The Canal Bridge
By: Tom Phelan
‘… a lad could be sent to any place in the world, to any spot in the empire on which the sun never set, an empire with huge mountains and lakes with no bottoms to them; waterfalls a mile high; rivers a hundred miles across where they floated into the sea …’
Ireland 1913, on the eve of the First World War. Matt Wrenn and Con Hatchel, inseparable friends, join the British army in search of escape, adventure, the wonder of exotic lands, and the security of regular money in their pockets. To some they are making something of their lives; to others, they are traitors to Ireland.
As they sail to their first posting in India, they find themselves diverted to France- to the fields ‘made liquid by the blood and guts of boy soldiers’. For four years Con and Matt become part of the terrible savagery of the Somme, Ypres and Passchendaele. Back home in the Irish Midlands, Con’s sister and Matt’s sweetheart, Kitty, recalls their carefree childhood on the banks of the local canal, and hopes for a future after the war. But as the lads battle for survival amidst the horror of the trenches, the Easter Rising begins to cast divisive shadows across the country.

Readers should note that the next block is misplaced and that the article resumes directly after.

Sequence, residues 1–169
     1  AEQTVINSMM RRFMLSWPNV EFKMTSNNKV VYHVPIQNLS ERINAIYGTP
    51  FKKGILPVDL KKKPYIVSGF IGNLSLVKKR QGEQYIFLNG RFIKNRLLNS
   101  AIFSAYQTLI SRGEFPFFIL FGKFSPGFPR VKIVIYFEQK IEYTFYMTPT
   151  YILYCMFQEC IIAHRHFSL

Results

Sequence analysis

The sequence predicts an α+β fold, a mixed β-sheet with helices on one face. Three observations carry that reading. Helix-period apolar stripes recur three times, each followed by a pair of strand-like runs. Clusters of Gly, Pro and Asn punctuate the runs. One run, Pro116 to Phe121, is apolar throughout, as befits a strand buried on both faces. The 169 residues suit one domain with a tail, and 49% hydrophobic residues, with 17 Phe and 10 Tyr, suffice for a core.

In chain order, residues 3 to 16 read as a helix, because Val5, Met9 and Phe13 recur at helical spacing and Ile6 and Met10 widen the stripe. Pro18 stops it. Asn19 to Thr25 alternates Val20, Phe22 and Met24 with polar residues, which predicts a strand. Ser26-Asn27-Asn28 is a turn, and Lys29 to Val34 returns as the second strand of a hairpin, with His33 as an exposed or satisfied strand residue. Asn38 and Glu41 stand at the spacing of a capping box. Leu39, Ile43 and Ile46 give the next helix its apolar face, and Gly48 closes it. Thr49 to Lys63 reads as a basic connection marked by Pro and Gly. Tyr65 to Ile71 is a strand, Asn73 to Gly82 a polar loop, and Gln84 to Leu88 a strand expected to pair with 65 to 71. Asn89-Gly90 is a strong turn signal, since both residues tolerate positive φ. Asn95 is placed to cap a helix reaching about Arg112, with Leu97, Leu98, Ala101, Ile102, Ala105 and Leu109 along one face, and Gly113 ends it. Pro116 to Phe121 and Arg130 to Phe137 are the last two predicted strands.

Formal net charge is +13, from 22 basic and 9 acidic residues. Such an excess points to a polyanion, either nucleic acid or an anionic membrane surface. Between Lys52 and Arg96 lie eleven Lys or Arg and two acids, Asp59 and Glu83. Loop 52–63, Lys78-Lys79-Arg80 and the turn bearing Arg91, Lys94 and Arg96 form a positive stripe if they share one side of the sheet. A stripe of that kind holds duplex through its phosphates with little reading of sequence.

A visceral, lyrical evocation of the physical and emotional devastation of the First World War, The Canal Bridge is a compelling story of friendship, love and tragedy that lingers long in the memory.
TOM PHELAN is author of the novels In the Season of the Daisies, Iscariot and Derrycloney. He was born and raised on a farm outside Mountmellick, County Laois, and he now lives in Long Island, New York.